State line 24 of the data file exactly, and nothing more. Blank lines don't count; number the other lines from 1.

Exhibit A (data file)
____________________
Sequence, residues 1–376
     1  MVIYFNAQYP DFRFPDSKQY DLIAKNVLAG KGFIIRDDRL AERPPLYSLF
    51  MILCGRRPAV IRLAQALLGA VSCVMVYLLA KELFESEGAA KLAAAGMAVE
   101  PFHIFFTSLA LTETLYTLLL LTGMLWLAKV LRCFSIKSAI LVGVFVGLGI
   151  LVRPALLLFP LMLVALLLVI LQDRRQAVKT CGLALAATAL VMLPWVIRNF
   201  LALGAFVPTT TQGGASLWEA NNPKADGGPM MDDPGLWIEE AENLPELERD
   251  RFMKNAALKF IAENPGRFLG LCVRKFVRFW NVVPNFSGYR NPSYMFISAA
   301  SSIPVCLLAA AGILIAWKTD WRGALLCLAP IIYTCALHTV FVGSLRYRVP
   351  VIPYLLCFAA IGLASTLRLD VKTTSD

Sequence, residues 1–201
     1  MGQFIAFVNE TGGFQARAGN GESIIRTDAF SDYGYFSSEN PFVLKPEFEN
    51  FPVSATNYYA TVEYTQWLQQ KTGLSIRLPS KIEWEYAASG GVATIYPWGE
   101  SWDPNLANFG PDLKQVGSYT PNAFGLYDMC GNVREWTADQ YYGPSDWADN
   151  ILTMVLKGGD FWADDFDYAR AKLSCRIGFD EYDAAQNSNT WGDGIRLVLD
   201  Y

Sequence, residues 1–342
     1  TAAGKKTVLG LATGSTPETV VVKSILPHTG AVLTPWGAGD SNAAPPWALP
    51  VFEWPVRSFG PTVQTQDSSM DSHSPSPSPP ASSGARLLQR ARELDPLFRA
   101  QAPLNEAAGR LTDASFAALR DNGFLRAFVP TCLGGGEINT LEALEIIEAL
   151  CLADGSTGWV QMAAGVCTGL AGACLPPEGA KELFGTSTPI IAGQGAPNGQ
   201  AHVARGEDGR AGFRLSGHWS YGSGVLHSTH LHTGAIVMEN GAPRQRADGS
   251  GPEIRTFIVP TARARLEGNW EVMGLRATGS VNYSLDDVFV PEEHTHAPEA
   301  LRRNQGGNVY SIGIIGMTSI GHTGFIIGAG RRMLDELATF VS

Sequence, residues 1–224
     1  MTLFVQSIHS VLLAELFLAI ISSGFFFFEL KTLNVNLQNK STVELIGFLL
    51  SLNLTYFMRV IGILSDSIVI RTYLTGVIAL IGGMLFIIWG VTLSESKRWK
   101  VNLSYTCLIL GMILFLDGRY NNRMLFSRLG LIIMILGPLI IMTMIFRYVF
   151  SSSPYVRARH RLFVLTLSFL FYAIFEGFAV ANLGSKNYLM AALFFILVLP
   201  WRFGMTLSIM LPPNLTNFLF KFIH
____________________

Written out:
Sequence, residues 1–224